Now nuclear energy can be mighty dangerous and is not something to be messed with lightly, but another irony in this story is that nuclear power is actually pretty simple compared to many other industrial processes. The average chemical plant or oil refinery is vastly more complex than a nuclear power plant. The nuke plant heats water to run a steam turbine while a chemical plant can make thousands of complex products out of dozens of feedstocks. Their process control was totally automated 30 years ago and had an amazing level safety and interlock systems. A lot of effort was put into the management of chemical plant startup, shutdown, and maintenance. The chemical plant control system was designed to force the highest safety. So when manufacturing engineers from chemical plants looked at TMI, they were shocked to see the low-tech manner in which the reactors were controlled and monitored. To the chemical engineers it looked like an accident waiting to happen.
The folks at TMI did not really know how to manage the technology of a nuclear power plant, and that led to a huge mess. The same thing has now happened to our economy. Congress changed the banking and mortgage lending rules without regard to their purpose. Many firms bought derivative securities without the slightest thought to the math behind them or the risk they were incurring. Nuclear power plants run on a chain reaction process of atomic decay. Our government and investment community created a chain reaction of economic decay.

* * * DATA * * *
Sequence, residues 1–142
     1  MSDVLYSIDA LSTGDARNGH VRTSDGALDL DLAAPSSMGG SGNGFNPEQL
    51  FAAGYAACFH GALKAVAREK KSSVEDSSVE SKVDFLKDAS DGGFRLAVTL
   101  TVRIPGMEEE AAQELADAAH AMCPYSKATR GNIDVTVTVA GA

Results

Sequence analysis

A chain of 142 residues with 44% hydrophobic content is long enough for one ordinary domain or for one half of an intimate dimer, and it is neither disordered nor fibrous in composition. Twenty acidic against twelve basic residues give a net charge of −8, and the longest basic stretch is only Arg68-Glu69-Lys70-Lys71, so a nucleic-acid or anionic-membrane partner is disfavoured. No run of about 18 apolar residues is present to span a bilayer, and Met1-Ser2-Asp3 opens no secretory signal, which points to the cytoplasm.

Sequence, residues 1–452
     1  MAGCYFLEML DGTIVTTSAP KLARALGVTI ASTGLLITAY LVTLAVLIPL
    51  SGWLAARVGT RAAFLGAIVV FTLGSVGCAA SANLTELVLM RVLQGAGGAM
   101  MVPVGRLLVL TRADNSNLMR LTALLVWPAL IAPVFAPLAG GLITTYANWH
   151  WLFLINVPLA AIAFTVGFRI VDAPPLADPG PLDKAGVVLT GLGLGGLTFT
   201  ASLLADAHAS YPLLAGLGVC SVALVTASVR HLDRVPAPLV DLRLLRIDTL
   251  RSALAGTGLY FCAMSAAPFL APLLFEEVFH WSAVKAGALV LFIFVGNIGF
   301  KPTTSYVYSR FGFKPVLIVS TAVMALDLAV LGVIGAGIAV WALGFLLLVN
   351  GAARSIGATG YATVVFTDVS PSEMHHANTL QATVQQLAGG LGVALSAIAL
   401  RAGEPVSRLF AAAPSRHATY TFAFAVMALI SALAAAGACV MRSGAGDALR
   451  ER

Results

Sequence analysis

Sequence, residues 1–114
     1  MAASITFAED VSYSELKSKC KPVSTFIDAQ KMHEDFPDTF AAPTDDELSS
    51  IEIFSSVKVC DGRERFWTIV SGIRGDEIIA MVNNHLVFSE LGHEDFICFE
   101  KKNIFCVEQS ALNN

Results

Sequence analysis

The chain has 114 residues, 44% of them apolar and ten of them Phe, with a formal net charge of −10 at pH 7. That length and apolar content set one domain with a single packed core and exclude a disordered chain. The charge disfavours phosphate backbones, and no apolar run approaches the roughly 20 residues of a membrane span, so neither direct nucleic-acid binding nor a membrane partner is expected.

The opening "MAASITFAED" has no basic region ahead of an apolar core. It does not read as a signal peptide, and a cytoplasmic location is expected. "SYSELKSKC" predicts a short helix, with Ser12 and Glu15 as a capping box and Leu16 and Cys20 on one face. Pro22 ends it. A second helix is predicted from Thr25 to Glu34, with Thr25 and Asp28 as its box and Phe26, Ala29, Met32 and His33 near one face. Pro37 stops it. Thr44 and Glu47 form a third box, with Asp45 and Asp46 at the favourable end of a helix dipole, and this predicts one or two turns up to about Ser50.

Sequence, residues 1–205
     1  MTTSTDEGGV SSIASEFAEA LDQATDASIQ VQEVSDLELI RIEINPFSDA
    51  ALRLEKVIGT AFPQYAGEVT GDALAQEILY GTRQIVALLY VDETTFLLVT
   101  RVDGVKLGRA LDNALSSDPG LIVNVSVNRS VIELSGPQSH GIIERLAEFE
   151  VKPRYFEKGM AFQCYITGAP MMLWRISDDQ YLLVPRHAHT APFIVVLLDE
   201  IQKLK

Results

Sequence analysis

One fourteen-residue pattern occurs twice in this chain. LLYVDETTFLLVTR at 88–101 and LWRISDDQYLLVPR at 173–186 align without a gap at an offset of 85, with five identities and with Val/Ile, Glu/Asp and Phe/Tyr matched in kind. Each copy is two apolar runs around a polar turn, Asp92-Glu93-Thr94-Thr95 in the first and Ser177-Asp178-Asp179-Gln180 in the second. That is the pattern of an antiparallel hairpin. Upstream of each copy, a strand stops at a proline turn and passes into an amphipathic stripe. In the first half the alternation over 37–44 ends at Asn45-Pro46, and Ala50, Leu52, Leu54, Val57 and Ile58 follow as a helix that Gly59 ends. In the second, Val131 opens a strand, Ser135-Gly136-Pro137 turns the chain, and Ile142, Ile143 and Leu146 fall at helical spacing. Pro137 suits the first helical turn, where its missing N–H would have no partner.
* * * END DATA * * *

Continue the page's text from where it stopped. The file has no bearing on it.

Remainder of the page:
Chemical plants were better designed than nuclear power plants in part because Congress did not legislate how the chemical industry designed their plants. But more importantly most chemical firms of that era had CEO’s with engineering degrees. They had respect for the technology and the risk of misusing it. But that doesn’t make the chemical industry blameless. With the off-shoring of manufacturing a lot of chemical production is now being done in places where there is little respect for the dangers of technology. The chemical industry’s TMI was Bhopal. There will be more Bhopal’s coming because those companies are now being managed by bean counters, not engineers.
There is a place for nuclear power in our energy future. I say this not as a particular nuclear advocate but as a realist. The end of the Cold War has left us with a legacy of weapons grade nuclear materials that must be dealt with. Thanks to the 1950s we’re stuck with all the issues of storing this stuff no matter what Obama or any other U.S. President does. It just makes sense to me to take this stuff that used to be bombs and degrade it into something that can no longer make bombs but, oh by the way, can power millions of homes with no CO2 emissions. It seems like making lemonade to me. Yes, there are other renewable power sources that are even better than nuclear, but I seriously doubt whether they will add up to enough total watts in the time available. We’ll need all of them.
Just as we neglected the economy for the last decade or more, we have also neglected nuclear energy. We don’t have a national storage system for spent fuel. We don’t have a spent fuel recycling process. We don’t have a standard national reactor design. We add incredible costs to power plants for an amazing list of things, many of which contribute nothing.
Life doesn’t get simpler, it gets more complex. TMI led us to repudiate nuclear power as a nation – something in the long run we probably can’t afford to do. We just have to find ways to manage technology – all technologies – more responsibly. Sadly, we tend these days to put the wrong people in charge.